‘Day Without Im­mi­grants’ protest closes many U.S. restau­rants

Cape Breton Post - - WORLD -

The heart of Philadelphia’s Ital­ian Mar­ket was un­com­monly quiet. Fine restau­rants in the na­tion’s cap­i­tal and New York closed for the day. Gro­cery stores, food trucks, cof­fee shops and taco joints in places like Chicago, Los An­ge­les and Bos­ton shut down.

Im­mi­grants around the U.S. stayed home from work and school Thurs­day to demon­strate how im­por­tant they are to Amer­ica’s econ­omy and way of life, and many busi­nesses closed in sol­i­dar­ity, in a na­tion­wide protest called A Day Without Im­mi­grants.

The boy­cott was aimed squarely at Pres­i­dent Don­ald Trump’s ef­forts to crack down on im­mi­gra­tion, le­gal and il­le­gal, by such means as a wall at the Mex­i­can bor­der. Or­ga­niz­ers said they ex­pected thou­sands to par­tic­i­pate or oth­er­wise show their sup­port.

The protest even reached into the U.S. Capi­tol, where a Se­nate cof­fee shop was among the eater­ies that were closed as em­ploy­ees did not show up at work.

The day’s ac­tiv­i­ties also in­cluded ral­lies in sev­eral cities.

Marcela Ar­daya-Var­gas, who is from Bo­livia and now lives in Falls Church, Vir­ginia, pulled her son out of school to take him to a Day Without Im­mi­grants march in Washington.

“When he asked why he wasn’t go­ing to school, I told him be­cause to­day he was go­ing to learn about im­mi­gra­tion,” she said, adding: “Our job as cit­i­zens is to unite with our broth­ers and sis­ters.”

Or­ga­niz­ers ap­pealed to im­mi­grants from all walks of life to take part, but the ef­fects were felt most strongly in the res­tau­rant in­dus­try, which has long been a first step up the eco­nomic lad­der for new­com­ers to Amer­ica with its many jobs for cooks, dish­wash­ers and servers.

Ex­pen­sive restau­rants and fast-food joints alike closed across the coun­try. Sushi bars, Brazil­ian steak­houses, Mex­i­can eater­ies and Thai and Ital­ian restau­rants turned away lunchtime cus­tomers.

On Ninth Street in South Philadelphia’s Ital­ian Mar­ket, it was so quiet in the morn­ing that Rani Va­sudeva thought it might be Mon­day, when many of the busi­nesses on the nor­mally bustling stretch are closed.

Pro­duce stands and other stalls along “Calle Nueve” — as 9th Street is more com­monly known for its abun­dance of Mex­i­can-owned busi­nesses — stood empty, leav­ing cus­tomers to look else­where for fresh meat, bread, fruits and veg­eta­bles.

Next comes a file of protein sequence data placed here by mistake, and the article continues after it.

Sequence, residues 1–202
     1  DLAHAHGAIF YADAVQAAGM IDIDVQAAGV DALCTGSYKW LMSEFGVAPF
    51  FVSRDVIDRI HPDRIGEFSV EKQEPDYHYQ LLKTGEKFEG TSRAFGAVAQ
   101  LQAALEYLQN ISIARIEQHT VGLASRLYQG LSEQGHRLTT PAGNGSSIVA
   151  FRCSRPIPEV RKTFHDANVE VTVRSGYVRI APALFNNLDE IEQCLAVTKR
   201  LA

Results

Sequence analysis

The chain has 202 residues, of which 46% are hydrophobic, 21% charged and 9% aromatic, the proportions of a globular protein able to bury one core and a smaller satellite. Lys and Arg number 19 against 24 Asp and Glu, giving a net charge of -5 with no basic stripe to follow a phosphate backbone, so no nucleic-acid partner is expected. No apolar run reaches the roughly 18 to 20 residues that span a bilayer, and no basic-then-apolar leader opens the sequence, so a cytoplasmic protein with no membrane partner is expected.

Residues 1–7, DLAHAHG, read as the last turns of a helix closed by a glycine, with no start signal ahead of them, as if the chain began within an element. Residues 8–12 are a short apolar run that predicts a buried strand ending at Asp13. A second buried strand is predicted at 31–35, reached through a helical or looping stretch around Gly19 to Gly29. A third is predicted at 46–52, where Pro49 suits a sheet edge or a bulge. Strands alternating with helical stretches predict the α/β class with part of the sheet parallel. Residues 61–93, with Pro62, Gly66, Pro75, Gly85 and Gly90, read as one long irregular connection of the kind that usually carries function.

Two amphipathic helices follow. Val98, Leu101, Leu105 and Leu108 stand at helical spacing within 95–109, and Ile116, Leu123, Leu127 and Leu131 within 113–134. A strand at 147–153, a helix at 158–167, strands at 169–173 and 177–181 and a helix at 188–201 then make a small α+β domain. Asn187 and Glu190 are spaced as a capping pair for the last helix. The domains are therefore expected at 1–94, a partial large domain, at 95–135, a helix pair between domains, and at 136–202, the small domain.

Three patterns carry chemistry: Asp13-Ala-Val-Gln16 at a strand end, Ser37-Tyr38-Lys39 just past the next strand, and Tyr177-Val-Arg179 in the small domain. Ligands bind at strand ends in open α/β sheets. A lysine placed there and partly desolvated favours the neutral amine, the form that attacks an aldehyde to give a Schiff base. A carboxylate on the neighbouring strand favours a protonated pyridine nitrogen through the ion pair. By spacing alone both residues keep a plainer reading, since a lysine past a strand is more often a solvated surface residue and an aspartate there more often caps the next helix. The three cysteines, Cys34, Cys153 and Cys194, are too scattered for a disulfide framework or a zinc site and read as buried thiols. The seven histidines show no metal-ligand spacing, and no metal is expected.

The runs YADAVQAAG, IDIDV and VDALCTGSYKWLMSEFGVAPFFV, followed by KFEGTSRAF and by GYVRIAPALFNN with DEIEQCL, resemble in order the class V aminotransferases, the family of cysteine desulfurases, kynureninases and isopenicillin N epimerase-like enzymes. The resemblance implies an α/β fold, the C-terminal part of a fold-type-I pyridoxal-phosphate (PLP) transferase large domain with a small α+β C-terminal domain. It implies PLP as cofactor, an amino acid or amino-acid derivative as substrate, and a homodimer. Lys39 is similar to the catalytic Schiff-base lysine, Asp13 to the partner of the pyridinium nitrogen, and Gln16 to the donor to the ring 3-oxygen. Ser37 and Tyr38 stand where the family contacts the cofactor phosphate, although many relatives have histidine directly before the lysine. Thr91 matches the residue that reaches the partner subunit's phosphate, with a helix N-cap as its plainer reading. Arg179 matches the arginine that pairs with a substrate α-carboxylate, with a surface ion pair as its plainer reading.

“It’s ac­tu­ally very sad,” said Va­sudeva, a 38-year-old pro­fes­sor at Tem­ple Univer­sity. “You re­al­ize the im­pact the im­mi­grant com­mu­nity has. We need each other for our daily lives.”

Since the end of 2007, the num­ber of for­eign-born work­ers em­ployed in the U.S. has climbed by nearly 3.1 mil­lion to 25.9 mil­lion; they ac­count for 56 per cent of the in­crease in U.S. em­ploy­ment over that pe­riod, ac­cord­ing to the La­bor Depart­ment.

The for­eign-born — who in­clude Amer­i­can cit­i­zens, green­card hold­ers and those work­ing without le­gal au­tho­riza­tion — tend to be younger and to take jobs in fields that have been grow­ing fastest, in­clud­ing restau­rants, ho­tels and stores.

Roughly 12 mil­lion peo­ple are em­ployed in the res­tau­rant in­dus­try, and im­mi­grants make up the ma­jor­ity — up to 70 per cent in places like New York and Chicago, ac­cord­ing to the Res­tau­rant Op­por­tu­ni­ties Cen­ters United, which works to im­prove work­ing con­di­tions. An es­ti­mated 1.3 mil­lion in the in­dus­try are im­mi­grants liv­ing in the U.S. il­le­gally, the group said.


Peo­ple march down Broad­way Av­enue in Pitts­burgh’s Beechview Ave. Thurs­day protest­ing the re­cent crack­downs on im­mi­grants or­dered by U.S. Pres­i­dent Don­ald Trump dur­ing a “Day Without Im­mi­grants” protest.

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